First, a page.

Stonemaker fungi are both adapted to fire and long periods without fire where they recycle wood and other organic materials. These and other ‘rotter’ fungi mycelia are food for wood and litter-inhabiting invertebrates. The recycling of organic materials is an important part of the food web: fungi are food for invertebrates, that in turn are food for ‘insectivorous’ birds. Removal of wood and other organic material removes this part of the nutrient cycle and causes less healthy ecosystems and species extinctions.

Some descriptions of the more recognisable Stonemaker fungi:

Disc and cup fungi

Anthracobia muelleri (V and C Ryan CC-BY-NC

These ‘discomycetes’ are the sporebodies of some ascomycetes. Some are mycorrhizal ascomycetes, often seen are Geopyxis carbonaria and Peziza tenacella. Other disc and cup fungi are saprobic, like Anthracobia muelleri and contribute to nutrient cycling.


Australia is a centre of diversity for truffle-like fungi – a common adaptation to a drying environment. Rather than spread their spores on air currents like many fungi, these fungi are adapted to being dispersed in the scats of ground-dwelling marsupials. The extinction of many of these marsupials means these fungi-eating specialists are no long around to act as a matchmaker between plants and fungi. So plants only have the nearby surviving mycorrhizae to depend upon for survival.

Star Truffle (Nothocastoreum cretaceum, SJM McMullan-Fisher)

Some truffle-like fungi  like Mesophellia species and Star Truffle (Nothocastoreum cretaceum) are adapted to fruit after fire. This gives a food source for fungi-eating mammals and spreads their spores around ready to partner with the regenerating plants.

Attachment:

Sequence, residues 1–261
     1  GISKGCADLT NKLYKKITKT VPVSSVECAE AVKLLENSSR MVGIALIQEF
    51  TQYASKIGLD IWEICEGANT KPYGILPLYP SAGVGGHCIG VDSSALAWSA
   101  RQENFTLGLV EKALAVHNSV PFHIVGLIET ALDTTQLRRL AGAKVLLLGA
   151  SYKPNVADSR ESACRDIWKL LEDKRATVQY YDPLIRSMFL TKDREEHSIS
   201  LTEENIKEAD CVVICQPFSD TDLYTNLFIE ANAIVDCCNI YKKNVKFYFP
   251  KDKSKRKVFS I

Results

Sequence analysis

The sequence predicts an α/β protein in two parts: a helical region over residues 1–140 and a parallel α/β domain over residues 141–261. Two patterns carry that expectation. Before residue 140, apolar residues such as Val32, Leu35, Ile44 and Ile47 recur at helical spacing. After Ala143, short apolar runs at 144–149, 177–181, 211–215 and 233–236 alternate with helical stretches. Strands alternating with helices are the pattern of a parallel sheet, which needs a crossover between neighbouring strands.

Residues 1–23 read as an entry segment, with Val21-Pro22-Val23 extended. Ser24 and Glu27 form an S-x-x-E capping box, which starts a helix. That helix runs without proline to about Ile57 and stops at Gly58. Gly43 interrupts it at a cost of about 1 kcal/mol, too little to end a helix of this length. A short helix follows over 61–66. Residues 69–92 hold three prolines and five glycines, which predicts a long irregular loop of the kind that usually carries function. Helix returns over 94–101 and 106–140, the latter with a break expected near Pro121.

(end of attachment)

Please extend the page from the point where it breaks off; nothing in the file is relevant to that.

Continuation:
Other fire-adapted fungi

Laccaria are a small mushroom shaped mycorrhiza that often fruits prolifically after fire. Again, this is good timing for these fungi to sporulate and find new plant partners. In other parts of the world, fire is considered to be an important trigger for the fruiting of Morels (Morchella) species. This has not been recorded in Australia, but it would be good to collect good evidence of which fungi DO fruit as fire affected areas recover.

Fungi after fire give hope

Evidence of sporebodies, like discs and cups, stonemaker fungi, mushrooms and other shaped fungi after fire is important, their presence indicates that there is an active return of spores into the recovering environment.

Please read the section and links below to learn how to record the best information and images to help us understand how our fungi respond to these fires through our iNaturalist project Fungimap Australia.

Tips for clear images

Set the fungi up so that you can see as many features in one shot or take several images showing important features.

  • Get close, use macro settings or apps where possible
  • Have good light without glare, use tripods, timers, diffuse lights in low light conditions
  • Use Aperture-priority or image stacking modes

At least one image should include:

  • Add size like a ruler or 5 cent piece ‘echidna’
  • A white point object like a label to help with digital colour corrections
  • Mirrors can help with under surface shots
  • Fungi habitat*

Capture ephemeral features:

  • Colour changes, milk etc.
  • Stem base like discs etc.
  • Veil remains, rings, volvas etc.

*Habitat images are particularly important after disturbance events as they give users information about conditions at the site. For example, they can show if the area was severely burned or if patches of litter or vegetation survived the fire. As the iNaturalist identification algorithm works on the first images posted, habitat shots are better last.